Karlsruhe. EnBW Energie Baden-Württemberg AG generally welcomes the agreement reached by the federal government on the key points of the plans to extend the term of German nuclear power plants. “With this step the federal government has acknowledged that nuclear energy is of great importance for an economical and climate-friendly electricity supply combined with high supply reliability. This is generally good for Germany, both as an energy location and as an industry location,” says Hans-Peter Villis, CEO of EnBW.
The current decision to extend the term of nuclear power plants concerns EnBW’s plants to a varying degree. The terms of Unit I of Neckarwestheim nuclear power plant and of Unit 1 of Philippsburg nuclear power plant are to be extended by eight years, and those of Unit II of Neckarwestheim nuclear power plant and of Unit 2 of Philippsburg nuclear power plant by 14 years. In a next step, EnBW will examine in detail how the decisions made will affect each individual facility and what business implications will arise from the considerable financial costs associated with the planned extension of the power plants’ working life.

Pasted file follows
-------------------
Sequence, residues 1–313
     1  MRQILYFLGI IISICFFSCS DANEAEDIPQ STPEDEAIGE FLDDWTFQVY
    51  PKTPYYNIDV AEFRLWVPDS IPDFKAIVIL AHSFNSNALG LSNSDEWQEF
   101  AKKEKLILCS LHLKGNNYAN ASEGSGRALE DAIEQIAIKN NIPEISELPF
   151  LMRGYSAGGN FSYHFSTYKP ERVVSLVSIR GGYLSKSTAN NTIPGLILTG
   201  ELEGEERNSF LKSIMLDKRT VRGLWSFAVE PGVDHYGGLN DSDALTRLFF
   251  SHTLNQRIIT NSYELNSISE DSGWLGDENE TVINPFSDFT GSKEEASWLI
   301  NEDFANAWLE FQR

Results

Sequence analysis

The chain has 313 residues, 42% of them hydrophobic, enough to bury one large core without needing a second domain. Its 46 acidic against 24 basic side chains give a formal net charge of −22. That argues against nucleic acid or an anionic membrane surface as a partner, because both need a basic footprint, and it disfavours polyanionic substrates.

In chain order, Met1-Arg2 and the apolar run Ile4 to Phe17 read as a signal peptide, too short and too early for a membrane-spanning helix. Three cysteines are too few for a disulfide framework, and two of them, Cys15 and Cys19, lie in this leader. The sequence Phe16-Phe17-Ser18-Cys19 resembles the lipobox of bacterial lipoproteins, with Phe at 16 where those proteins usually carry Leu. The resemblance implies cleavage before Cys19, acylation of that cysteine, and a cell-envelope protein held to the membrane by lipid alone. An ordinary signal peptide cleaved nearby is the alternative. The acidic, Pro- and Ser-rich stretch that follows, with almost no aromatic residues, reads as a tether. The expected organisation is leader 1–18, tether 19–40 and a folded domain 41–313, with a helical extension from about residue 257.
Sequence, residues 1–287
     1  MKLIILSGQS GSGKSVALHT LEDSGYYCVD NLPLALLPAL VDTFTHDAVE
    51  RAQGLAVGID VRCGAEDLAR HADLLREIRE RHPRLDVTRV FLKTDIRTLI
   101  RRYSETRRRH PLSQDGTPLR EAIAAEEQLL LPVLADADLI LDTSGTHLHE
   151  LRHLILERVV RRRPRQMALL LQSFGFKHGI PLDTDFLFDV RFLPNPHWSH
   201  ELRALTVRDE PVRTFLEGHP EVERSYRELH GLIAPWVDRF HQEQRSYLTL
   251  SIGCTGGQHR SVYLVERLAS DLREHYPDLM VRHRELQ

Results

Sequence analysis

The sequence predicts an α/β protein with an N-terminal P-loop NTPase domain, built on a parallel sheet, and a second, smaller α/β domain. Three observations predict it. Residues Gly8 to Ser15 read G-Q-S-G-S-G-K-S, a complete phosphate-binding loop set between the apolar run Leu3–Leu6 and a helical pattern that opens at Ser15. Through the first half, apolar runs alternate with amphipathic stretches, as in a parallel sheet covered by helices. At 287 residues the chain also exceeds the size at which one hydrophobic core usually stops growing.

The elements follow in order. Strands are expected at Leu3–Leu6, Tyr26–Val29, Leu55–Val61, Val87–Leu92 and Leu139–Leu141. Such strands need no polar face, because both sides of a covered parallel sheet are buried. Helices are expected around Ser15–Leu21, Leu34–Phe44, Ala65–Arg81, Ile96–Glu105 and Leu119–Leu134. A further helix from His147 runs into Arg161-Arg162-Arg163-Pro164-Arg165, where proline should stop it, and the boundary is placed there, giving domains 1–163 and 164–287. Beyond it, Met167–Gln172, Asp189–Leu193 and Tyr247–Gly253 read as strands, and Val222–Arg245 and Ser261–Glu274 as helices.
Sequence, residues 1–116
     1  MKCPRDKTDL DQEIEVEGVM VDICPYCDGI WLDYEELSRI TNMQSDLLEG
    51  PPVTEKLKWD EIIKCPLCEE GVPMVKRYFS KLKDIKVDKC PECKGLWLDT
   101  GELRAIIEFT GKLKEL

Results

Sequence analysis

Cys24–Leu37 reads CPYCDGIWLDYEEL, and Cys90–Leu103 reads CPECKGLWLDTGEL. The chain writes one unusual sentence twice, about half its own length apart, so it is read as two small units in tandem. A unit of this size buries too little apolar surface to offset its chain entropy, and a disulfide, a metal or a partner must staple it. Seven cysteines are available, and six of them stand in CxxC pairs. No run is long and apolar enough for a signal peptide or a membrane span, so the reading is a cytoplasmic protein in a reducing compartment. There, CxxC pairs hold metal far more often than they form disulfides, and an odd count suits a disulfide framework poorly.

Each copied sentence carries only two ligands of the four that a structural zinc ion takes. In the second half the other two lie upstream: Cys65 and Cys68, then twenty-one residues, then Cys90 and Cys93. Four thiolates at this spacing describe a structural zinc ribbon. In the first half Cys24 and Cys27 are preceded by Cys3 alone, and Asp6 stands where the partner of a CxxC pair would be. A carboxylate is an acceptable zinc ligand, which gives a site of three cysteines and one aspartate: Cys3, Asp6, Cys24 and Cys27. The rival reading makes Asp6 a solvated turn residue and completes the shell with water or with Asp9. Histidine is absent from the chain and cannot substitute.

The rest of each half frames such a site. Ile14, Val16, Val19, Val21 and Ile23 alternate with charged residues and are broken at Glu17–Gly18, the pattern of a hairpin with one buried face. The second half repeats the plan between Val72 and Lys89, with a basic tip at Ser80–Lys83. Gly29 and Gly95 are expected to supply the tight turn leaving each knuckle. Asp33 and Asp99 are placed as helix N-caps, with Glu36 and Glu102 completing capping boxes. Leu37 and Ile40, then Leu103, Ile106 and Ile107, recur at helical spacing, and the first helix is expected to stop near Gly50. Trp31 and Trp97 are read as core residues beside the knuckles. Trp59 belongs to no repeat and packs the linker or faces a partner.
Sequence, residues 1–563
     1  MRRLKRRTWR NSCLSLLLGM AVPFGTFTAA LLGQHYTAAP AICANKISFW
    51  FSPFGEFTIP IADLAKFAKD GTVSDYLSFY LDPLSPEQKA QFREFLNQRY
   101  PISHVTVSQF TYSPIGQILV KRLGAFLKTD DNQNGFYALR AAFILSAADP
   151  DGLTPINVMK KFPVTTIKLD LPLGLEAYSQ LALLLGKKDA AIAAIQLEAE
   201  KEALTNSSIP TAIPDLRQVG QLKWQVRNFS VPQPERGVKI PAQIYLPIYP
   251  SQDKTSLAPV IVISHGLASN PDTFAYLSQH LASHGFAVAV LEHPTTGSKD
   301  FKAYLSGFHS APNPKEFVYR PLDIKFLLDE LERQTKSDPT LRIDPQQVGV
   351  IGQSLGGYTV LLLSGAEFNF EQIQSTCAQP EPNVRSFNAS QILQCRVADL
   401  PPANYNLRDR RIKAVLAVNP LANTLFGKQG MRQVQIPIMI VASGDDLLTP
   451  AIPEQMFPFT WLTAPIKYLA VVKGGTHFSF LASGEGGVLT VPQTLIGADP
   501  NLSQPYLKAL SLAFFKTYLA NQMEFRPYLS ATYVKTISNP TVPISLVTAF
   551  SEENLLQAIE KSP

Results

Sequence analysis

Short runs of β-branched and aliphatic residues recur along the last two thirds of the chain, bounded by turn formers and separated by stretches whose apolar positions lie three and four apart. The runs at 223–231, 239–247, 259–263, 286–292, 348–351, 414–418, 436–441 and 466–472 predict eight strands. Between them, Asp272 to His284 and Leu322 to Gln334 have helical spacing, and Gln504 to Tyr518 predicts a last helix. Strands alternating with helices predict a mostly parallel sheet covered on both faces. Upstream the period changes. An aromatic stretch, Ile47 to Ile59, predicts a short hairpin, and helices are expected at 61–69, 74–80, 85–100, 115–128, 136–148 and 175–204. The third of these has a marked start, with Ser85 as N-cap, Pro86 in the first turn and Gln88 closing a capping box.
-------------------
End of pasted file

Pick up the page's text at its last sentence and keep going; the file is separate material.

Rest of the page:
“Even on its own the nuclear fuel rod tax that has been fixed for six years at a total of € 2.3 billion per year constitutes a great financial burden,” says Villis. Compared to the original plans for the nuclear fuel rod tax, the federal government has once again significantly raised the burden to be imposed. On top of that, there are plans to absorb considerable surplus revenues arising from the extension of the term of the nuclear power plants and transfer them to a fund to promote renewable energies. Overall, EnBW’s contribution to the federal budget and to the promotion of renewable energies exceeds 50% of the potential future additional revenues.
These extensive measures will have an effect not only on the group’s results of operations, but also on EnBW’s investment planning. Nevertheless, EnBW will do all in its power to uphold its ambitious programme to expand renewable energies. EnBW plans to invest some € 3 billion for this purpose over the next few years. EnBW’s two offshore wind farms in the Baltic Sea are an integral part of this programme. Just a few days ago EnBW finished construction work on offshore wind farm EnBW Baltic 1 with a total of 21 wind turbines. Once the remaining work has been completed and the local system operator has connected it to the grid, the wind farm in the Baltic Sea with a total output of around 50 megawatts will be the first commercial offshore wind farm to go online towards the end of 2010.
By the end of August EnBW had awarded all major contracts for its second offshore wind farm, EnBW Baltic 2. The contract volume for all major contracts for EnBW Baltic 2 is roughly € 1 billion. Construction of EnBW Baltic 2, the second offshore wind farm in the German Baltic Sea, is to start in 2012 and it is scheduled to go online in 2013.